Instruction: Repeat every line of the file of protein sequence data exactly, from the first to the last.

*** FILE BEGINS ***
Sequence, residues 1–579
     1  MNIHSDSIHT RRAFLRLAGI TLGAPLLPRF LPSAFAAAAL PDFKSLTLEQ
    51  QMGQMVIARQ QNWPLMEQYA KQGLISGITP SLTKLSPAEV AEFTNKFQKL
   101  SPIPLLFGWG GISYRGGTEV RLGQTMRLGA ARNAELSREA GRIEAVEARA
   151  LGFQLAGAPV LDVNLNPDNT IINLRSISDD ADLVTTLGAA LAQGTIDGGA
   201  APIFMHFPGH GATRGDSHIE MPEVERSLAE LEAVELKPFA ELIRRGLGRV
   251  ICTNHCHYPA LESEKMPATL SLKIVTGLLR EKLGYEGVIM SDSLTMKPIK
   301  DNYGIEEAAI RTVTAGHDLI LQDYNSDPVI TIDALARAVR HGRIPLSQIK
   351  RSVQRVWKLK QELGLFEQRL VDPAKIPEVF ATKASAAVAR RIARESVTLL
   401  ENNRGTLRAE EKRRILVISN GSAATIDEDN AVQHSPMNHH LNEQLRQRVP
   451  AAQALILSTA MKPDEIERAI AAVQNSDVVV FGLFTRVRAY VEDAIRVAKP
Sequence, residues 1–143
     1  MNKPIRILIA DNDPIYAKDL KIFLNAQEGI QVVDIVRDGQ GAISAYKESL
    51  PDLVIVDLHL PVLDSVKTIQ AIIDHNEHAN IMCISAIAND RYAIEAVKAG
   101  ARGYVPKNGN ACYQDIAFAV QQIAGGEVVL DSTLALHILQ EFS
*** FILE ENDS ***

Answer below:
Sequence, residues 1–579
     1  MNIHSDSIHT RRAFLRLAGI TLGAPLLPRF LPSAFAAAAL PDFKSLTLEQ
    51  QMGQMVIARQ QNWPLMEQYA KQGLISGITP SLTKLSPAEV AEFTNKFQKL
   101  SPIPLLFGWG GISYRGGTEV RLGQTMRLGA ARNAELSREA GRIEAVEARA
   151  LGFQLAGAPV LDVNLNPDNT IINLRSISDD ADLVTTLGAA LAQGTIDGGA
   201  APIFMHFPGH GATRGDSHIE MPEVERSLAE LEAVELKPFA ELIRRGLGRV
   251  ICTNHCHYPA LESEKMPATL SLKIVTGLLR EKLGYEGVIM SDSLTMKPIK
   301  DNYGIEEAAI RTVTAGHDLI LQDYNSDPVI TIDALARAVR HGRIPLSQIK
   351  RSVQRVWKLK QELGLFEQRL VDPAKIPEVF ATKASAAVAR RIARESVTLL
   401  ENNRGTLRAE EKRRILVISN GSAATIDEDN AVQHSPMNHH LNEQLRQRVP
   451  AAQALILSTA MKPDEIERAI AAVQNSDVVV FGLFTRVRAY VEDAIRVAKP
Sequence, residues 1–143
     1  MNKPIRILIA DNDPIYAKDL KIFLNAQEGI QVVDIVRDGQ GAISAYKESL
    51  PDLVIVDLHL PVLDSVKTIQ AIIDHNEHAN IMCISAIAND RYAIEAVKAG
   101  ARGYVPKNGN ACYQDIAFAV QQIAGGEVVL DSTLALHILQ EFS